I've hit my COVID-19 wall.
I'm over obsessively rubbing my hands in sanitizer as I move through the aisles of the grocery store. I miss getting my hair done. I really miss the yoga studio. I'm now afraid of public restrooms. And I'm incredibly nervous that at any moment, I'll get a call from my mom telling me that my dad - who has a compromised immune system - has contracted the coronavirus. I don't think I can take it.
I know I'm not alone.
America is having a hard time, said Dr. Olafur S. Palsson, a professor of psychology and medicine at the University of North Carolina at Chapel Hill. Palsson has partnered with Harvard University professors to publish "The U.S. National Pandemic Emotional Impact Report." According to the survey of 1,500 Americans published in late June, more than 90% of us are struggling emotionally as a result of the pandemic. About a quarter of Americans are so distressed, our collective mental health is becoming impacted, Palsson said. That's about 82 million people.
Even former first lady Michelle Obama admitted Wednesday to suffering from a low-grade depression because of the pandemic quarantine.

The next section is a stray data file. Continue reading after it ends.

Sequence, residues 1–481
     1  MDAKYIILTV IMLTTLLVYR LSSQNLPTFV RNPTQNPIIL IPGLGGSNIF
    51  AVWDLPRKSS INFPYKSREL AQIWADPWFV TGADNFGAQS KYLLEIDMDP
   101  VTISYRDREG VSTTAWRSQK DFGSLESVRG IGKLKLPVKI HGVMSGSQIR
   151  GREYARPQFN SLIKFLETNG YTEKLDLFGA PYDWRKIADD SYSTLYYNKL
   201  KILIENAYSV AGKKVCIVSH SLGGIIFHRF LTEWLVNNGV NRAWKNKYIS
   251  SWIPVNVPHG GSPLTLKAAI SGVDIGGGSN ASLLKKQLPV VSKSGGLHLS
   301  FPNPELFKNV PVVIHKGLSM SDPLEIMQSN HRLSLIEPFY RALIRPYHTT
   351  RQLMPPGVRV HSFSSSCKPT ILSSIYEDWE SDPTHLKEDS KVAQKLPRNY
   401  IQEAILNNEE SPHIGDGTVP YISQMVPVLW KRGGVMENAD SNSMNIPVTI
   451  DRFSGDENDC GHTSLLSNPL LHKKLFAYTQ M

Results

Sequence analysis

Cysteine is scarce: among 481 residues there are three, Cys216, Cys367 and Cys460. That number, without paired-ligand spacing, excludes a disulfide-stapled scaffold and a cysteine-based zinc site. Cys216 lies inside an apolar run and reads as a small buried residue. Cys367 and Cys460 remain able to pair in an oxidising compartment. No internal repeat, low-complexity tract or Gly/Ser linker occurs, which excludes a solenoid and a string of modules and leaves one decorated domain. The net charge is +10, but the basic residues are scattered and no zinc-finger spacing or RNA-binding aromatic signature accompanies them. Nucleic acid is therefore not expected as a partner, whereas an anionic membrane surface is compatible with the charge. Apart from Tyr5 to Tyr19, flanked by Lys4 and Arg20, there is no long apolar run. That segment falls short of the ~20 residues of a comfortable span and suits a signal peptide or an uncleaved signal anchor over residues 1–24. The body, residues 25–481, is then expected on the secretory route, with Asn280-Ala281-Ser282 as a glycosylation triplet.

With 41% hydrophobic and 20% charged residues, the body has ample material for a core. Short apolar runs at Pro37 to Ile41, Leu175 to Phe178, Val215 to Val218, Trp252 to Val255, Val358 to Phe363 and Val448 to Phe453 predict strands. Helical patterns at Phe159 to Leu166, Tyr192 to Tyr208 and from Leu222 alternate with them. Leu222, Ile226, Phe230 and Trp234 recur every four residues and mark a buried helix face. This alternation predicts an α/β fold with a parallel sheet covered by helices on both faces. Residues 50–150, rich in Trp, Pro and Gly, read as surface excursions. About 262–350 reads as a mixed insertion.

We might fare better if we knew how long the discomfort will last, Palsson said. Most of us budgeted enough mental strength to get us through the end of August, as we were certain the pandemic would be contained by the start of the school year. Instead, the virus continues to scourge its way through the South, and cases in and around other areas continue to fluctuate. All the while the federal government can't seem to agree on a reopening plan. That spells chaos for many in a society that defines normalcy by a predictable school schedule.
"When stress becomes chronic - meaning we are dealing with an uncomfortable situation for more than six months - the most vulnerable of us will start to crack," Palsson said. The virus is not the only mental stressor: The economy is fragile. America is in the midst of a racial reckoning as well as likely the most contentious presidential election ever is on the horizon. Plus, the holiday season is just around the corner. How will we come together safely? "We are on the verge of a serious mental health crisis," Palsson said.
How do we press on in the midst of uncertainty and guard our mental health? We spoke to some experts.
I'm over coronavirus and I miss my old life. Am I being a baby about this?
No. You are not.